The most photographed of all Arquitectonica's buildings, the Atlantis is a 96-unit condominium apartment building on Biscayne Bay south of downtown Miami. This building, more than any other, called attention to the provocative, pictographic nature of Arquitectonica's work. It was a setting for the movie Scarface, as well as a freeze-frame image in the opening sequence of "Miami Vice." Its flat blue supergrid wall punctured by an off-center void has become an architectural symbol for both Miami and Arquitectonica.
The Atlantis is a 20-story slab building with a 37-foot long cube cut out of the center to create a "sky court" for building residents. The sky court has three elements: a whirlpool, a red spiral staircase, and a palm tree, all set along the waving yellow wall.
The Atlantis is sited perpendicular to the waterfront so that it can easily be seen both from Brickell Avenue and from nearby Interstate 95; its imagery is simple and powerful. On the south side of the building, the glass wall is covered by a three-story blue masonry grid, a brise-soleil that hides the cantilevered balconies. The gray reflective glass on the north face is punctuated by four yellow triangular balconies. The end of the building facing the bay is shaped as a nautical curve. On the other end facing the city, a rooftop red masonry triangle conceals the mechanical equipment and provides an urban form.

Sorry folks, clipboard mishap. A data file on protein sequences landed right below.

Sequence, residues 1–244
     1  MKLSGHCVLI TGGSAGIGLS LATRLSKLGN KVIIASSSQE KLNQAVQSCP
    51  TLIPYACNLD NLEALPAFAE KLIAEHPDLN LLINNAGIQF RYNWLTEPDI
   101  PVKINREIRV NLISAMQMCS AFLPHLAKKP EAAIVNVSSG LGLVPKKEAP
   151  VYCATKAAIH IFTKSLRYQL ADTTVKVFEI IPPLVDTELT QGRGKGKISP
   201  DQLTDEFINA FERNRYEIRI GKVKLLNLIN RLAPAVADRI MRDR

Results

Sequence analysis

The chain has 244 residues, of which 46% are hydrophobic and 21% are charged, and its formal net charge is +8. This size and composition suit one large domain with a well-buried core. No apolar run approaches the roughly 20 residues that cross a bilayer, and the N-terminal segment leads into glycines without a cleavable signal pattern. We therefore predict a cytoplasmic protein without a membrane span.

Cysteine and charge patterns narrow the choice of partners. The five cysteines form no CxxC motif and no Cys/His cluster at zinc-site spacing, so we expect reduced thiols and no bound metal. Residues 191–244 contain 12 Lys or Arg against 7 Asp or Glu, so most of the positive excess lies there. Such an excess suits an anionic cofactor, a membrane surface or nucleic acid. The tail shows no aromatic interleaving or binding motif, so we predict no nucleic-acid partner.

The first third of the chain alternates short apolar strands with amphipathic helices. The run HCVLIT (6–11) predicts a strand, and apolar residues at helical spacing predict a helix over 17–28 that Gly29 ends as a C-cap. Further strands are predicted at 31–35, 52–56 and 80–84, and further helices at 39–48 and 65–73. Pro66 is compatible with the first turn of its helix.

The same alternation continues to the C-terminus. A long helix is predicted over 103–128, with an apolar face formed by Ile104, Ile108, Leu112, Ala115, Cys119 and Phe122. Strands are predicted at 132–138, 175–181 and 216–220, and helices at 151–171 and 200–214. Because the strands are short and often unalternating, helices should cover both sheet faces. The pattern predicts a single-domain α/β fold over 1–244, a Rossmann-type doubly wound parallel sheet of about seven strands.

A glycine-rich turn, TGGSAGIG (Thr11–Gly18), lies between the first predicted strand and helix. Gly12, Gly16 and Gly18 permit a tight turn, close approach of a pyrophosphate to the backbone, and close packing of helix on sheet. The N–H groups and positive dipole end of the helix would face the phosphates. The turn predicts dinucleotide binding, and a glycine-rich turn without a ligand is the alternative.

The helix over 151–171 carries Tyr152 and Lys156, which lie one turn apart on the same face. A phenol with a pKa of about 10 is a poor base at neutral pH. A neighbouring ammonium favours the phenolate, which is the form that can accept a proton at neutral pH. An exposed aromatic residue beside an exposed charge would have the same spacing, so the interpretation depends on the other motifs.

The long slender building -- it is 300 feet long but only 37 feet wide -- has just six apartments per floor and two elevator cores. At the bay end the building curves to create a living room with a 180-degree panoramic view. The apartments at the base are two-story duplexes with double height living rooms and private courtyards. - Beth Dunlop